Employment Figures Show “We’re Clearly On The Recovery Path”

I’m sure unemployment will remain a problem for a while, but at least we do have some good news:

After more than two years in which over 8 million jobs were lost, the country’s nonfarm payrolls surged in March.

Employers added 162,000 jobs last month, and employment numbers in the previous two months were revised upward. Nationwide, the unemployment rate held steady at 9.7 percent.

To many ordinary, out-of-work Americans, the recovery may finally start to feel real.

“The key message from this report is that we’ve finally turned the corner,” said Nigel Gault, chief United States economist at IHS Global Insight. “Going forward, we should expect things to strengthen further over the rest of the year.”

Speaking in Charlotte, N.C., President Obama called Friday’s report “the best news we’ve seen on the job front in more than two years.”

“The tough measures that we took, measures that were necessary even if sometimes they were unpopular, have broken this slide and are helping us to climb out of the recession,” President Obama said, adding a note of caution. “It will take time to achieve the strong and sustained job growth that we need.”

Steve Benen summarized the Bush versus Obama record on jobs with this graph:

This shows how conditions were improving during the first year of Obama’s administration, but this is the best report yet. Some of these jobs came from temporary census workers, but in addition,  “every major industry, except financial services and information, showed gains in employment.”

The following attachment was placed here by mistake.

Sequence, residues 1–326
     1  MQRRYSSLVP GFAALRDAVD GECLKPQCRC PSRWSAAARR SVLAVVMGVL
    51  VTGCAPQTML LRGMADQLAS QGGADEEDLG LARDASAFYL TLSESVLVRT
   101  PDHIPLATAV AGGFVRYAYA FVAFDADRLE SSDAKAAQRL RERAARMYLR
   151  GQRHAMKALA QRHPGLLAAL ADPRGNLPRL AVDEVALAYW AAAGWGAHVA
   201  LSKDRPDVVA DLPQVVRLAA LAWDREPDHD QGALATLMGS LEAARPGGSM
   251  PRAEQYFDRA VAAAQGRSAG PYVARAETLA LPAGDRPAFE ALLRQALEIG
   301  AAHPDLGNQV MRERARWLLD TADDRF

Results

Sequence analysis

Bloomberg News adds (emphasis mine):

“There’s a lot of good news in this report,” said Scott Brown, chief economist at Raymond James & Associates Inc. in St. Petersburg, Florida, whose payroll forecast was the closest among the economists surveyed by Bloomberg News. “We’re clearly on the recovery path. We expect to see this continue to build. We’re on our way.”

Caterpillar Inc. is among companies adding staff, indicating the economic recovery that began in the second half of 2009 is starting to produce the jobs needed to lift consumer spending and sustain the expansion. Nonetheless, unemployment may be slow to recede as more people enter the job market, giving the Federal Reserve scope to hold its benchmark interest rate near zero in coming months.

I expect that unemployment will continue to be a problem, as it has been after other recent recessions.  One problem is that the recession led many companies to either go under or shut down divisions,  with no jobs remaining for when the economy recovers. In addition, many companies now respond to down turns by changing their business model to save money, permanently eliminating or out-sourcing jobs.  It is still a good sign, despite Republican spin,  that the catastrophic employment numbers under George Bush turned around under Obama.

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3 Comments

  1. 1
    Jason Monastra says:

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  2. 2
    Brett Robinson says:

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  3. 3
    Emily Hicks says:

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